The seventh ingredient is pea protein, what remains of a pea after removing the starchy part of the vegetable. Even though it contains over 80% protein, this ingredient would be expected to have a lower biological value than meat.

And less costly plant-based products like this can notably boost the total protein reported on the label – a factor that must be considered when judging the meat content of this cat food.

The eighth ingredient is chicken fat. Chicken fat is obtained from rendering chicken, a process similar to making soup in which the fat itself is skimmed from the surface of the liquid. 

Chicken fat is high in linoleic acid, an omega-6 fatty acid essential for life. Although it doesn’t sound very appetizing, chicken fat is actually a quality ingredient.

From here the list goes on to include a number of other items. But to be realistic, ingredients located this far down the list (other than nutritional supplements) are not likely to affect the overall rating of the product.

However, we note the inclusion of dried fermentation products in this recipe. Fermentation products are typically added as probiotics to aid with digestion.

We also view the presence of taurine in this recipe as a positive addition. Taurine is an essential amino acid for cats associated with the healthy function of heart muscle and eye sight, and is crucial for maintaining good health in cats.

This recipe receives a 4.5star rating.

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Nutrient Analysis

Based on its ingredients alone, Merrick Purrfect Bistro Grain-Free Real Chicken & Sweet Potato recipe looks like an above-average dry product.

The dashboard displays a dry matter protein reading of 42.7%, a fat level of 19.1% and an estimated carbohydrate level of 30.2%, alongside a fat-to-protein ratio of 45%.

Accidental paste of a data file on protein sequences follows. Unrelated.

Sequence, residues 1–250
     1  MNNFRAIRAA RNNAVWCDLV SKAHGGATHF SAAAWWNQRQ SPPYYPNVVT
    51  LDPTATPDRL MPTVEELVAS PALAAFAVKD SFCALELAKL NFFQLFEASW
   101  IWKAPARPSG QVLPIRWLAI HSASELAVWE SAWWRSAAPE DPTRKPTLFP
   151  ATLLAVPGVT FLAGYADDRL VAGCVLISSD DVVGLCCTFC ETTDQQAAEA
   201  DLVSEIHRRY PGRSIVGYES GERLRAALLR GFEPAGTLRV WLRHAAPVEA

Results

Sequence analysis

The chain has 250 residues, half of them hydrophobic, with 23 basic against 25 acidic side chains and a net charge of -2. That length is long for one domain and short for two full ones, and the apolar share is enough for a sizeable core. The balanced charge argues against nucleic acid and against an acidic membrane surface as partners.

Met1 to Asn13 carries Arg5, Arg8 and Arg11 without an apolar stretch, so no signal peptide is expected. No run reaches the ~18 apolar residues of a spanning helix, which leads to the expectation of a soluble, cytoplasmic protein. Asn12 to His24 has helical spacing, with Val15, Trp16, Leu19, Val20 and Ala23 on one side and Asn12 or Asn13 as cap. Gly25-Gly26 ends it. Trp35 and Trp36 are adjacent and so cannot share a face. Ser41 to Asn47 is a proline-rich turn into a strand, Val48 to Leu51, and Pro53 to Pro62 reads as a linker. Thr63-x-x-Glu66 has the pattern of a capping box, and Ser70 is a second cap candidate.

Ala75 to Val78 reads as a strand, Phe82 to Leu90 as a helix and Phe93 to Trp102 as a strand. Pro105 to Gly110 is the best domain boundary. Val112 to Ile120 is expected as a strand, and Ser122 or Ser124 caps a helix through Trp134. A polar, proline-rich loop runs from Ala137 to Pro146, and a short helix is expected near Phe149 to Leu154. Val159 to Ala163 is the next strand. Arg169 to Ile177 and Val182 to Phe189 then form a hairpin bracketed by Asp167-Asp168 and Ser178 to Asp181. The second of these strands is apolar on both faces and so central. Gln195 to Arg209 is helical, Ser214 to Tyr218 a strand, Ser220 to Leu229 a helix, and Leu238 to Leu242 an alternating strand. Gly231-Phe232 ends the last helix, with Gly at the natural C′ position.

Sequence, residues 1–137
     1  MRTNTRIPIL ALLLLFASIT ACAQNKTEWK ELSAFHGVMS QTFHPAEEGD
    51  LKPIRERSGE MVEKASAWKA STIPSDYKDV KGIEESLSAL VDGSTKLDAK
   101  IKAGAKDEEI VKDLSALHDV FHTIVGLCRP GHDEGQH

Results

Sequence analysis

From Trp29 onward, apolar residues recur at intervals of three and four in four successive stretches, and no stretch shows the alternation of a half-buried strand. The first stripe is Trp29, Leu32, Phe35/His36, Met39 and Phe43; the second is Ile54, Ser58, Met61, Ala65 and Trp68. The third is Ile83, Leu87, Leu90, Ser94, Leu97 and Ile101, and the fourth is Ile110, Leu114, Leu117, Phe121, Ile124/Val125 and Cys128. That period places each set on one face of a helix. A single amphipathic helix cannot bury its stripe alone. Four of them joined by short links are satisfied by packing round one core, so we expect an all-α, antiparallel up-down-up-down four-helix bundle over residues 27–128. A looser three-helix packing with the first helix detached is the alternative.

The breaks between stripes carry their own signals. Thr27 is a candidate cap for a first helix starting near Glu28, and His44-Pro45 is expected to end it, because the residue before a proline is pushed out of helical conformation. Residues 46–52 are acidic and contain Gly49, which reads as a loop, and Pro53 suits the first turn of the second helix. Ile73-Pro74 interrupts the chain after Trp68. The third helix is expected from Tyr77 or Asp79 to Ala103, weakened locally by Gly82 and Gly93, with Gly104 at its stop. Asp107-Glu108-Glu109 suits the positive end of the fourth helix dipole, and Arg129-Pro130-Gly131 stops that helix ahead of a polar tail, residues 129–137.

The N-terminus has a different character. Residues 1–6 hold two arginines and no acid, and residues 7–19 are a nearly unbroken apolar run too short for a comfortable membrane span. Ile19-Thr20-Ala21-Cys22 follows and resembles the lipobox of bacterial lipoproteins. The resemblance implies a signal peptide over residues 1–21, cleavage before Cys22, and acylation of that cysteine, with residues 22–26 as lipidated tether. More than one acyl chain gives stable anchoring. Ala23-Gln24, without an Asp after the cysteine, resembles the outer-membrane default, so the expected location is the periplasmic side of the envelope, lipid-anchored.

As a group, the brand features an average protein content of 42.7% and a mean fat level of 19.1%. Together these figures suggest a carbohydrate content of 30.2% for the overall product line, alongside a fat-to-protein ratio of 45%.

This means the Merrick Purrfect Bistro dry product line contains above-average protein, near-average carbs and above-average fat when compared to typical dry cat food.

Final Word

Merrick Purrfect Bistro is an all-natural, ancestral diet. With the nutrients a cat needs by mixing high quality proteins with vitamins, minerals, probiotics, and antioxidants.

Has Merrick cat food been recalled in the past?

Yes, Merrick has had two recalls, these were limited to their treats.

In January 2010, they issued a voluntary recall out of fear that their beef treats were contaminated with salmonella. No animals were reported sick as a result of eating the treats, but the company issued subsequent recalls for the same reason several times that year and into 2011.

In 2018, they recalled a wide range of treats due to elevated levels of a naturally-occurring beef thyroid hormone. This wasn’t a life-threatening issue, but one dog became ill as a result of eating the treats (that animal later made a full recovery).

You can view a complete list of all cat food recalls since 2021 here.

To stay on top of any cat food product recalls, sign up for our free email alerts, here.


Merrick was founded in 1988 by Garth Merrick in his family kitchen in Hereford, Texas. Garth began home cooking for his beloved dog, Gracie, to make sure she was eating the most nutritious and wholesome food possible. 

Nestle Purina Petcare purchased Merrick in July 2015.


1: Association of American Feed Control Officials